The Absolute Oral Bioavailability and Population-Based Pharmacokinetic Modelling of a Novel Dipeptidylpeptidase-IV Inhibitor, Vildagliptin, in Healthy Volunteers
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Background and objective
Vildagliptin is a potent, selective, orally active inhibitor of dipeptidylpeptidase-IV being developed for the treatment of type 2 diabetes mellitus. The objective of this study was to assess the absolute oral bioavailability of vildagliptin by comparing the systemic exposure after oral and intravenous administration in healthy volunteers.
This was an open-label, randomised, two-period, two-treatment, crossover study in 11 healthy volunteers. Subjects received vildagliptin 50mg orally or 25mg as a 30-minute intravenous infusion on two occasions separated by a 72-hour washout period. Vildagliptin concentrations were determined by a specific assay in urine (lower limit of quantification [LLQ] = 5 ng/mL) and serial plasma samples (LLQ = 2 ng/mL) obtained up to 24 hours after dosing. Noncompartmental analysis and population pharmacokinetic modelling were performed.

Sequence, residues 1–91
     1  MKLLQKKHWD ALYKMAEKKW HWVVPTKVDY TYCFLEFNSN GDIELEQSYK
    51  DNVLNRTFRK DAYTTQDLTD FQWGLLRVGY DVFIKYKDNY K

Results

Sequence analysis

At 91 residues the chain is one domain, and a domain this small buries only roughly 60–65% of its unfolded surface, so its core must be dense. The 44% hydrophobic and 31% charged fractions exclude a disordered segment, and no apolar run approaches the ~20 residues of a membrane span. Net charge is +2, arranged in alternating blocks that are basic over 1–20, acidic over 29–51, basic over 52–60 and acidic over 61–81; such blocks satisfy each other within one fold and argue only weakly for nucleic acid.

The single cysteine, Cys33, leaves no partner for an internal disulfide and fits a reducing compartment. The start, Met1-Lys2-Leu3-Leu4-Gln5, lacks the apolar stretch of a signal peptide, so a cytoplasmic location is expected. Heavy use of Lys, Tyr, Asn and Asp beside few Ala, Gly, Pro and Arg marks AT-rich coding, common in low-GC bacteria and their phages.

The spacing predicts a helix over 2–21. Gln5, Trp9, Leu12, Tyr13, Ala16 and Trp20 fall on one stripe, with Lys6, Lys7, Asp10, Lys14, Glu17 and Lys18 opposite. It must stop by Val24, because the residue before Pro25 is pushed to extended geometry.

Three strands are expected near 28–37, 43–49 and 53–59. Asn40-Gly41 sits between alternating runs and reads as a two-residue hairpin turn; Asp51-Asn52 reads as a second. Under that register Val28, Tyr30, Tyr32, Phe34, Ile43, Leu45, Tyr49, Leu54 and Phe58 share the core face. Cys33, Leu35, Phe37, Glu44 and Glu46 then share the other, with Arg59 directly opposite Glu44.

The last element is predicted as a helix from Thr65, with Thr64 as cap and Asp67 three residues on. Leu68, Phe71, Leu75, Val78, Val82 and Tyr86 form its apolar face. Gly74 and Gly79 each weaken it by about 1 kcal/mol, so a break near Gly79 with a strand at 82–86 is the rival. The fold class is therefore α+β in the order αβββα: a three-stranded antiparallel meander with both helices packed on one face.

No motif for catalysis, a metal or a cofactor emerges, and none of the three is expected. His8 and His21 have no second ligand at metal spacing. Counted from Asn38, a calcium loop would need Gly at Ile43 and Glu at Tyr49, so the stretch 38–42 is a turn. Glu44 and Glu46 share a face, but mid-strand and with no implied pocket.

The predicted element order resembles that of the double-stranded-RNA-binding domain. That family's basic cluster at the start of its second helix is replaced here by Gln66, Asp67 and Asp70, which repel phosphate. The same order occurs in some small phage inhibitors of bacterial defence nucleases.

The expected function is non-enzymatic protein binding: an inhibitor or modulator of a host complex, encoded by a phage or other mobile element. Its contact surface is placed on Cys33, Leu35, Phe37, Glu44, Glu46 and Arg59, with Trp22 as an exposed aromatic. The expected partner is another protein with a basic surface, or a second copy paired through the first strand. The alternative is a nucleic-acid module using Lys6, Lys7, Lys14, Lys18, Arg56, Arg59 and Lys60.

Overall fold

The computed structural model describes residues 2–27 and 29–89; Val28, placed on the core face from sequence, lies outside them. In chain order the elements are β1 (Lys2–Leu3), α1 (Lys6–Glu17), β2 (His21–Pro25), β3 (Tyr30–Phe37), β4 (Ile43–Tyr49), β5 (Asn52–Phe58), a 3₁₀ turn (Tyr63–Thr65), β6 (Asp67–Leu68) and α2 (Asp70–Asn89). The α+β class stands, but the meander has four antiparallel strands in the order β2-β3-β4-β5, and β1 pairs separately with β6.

Both noncompartmental analysis and population pharmacokinetic modelling estimated the absolute oral bioavailability of vildagliptin to be 85%. Renal elimination of unchanged vildagliptin accounted for 33% and 21% of the administered dose 24 hours after intravenous and oral administration, respectively. Renal clearance (13 L/h) was approximately one-third of the total systemic clearance (41 L/h). Two peaks were observed in plasma concentrations at 1 and 3 hours after oral administration in nine of 11 subjects. Modelling based on the population approach identified two absorption sites with lag-times of 0.225 and 2.46 hours. Both absorption rate constants were slower than the elimination rate constant, indicating ‘flip-flop’ kinetics after oral administration. Bodyweight was identified as a factor with an impact on the volume of distribution of the peripheral compartment. Clearance was 24% greater in males (44.6 L/h) than in females (36.1 L/h).
Vildagliptin is rapidly and well absorbed with an estimated absolute bioavailability of 85%. Two possible sites of absorption were identified, and the absorption rates were slower than the elimination rate, indicating a flip-flop phenomenon after oral dosing.
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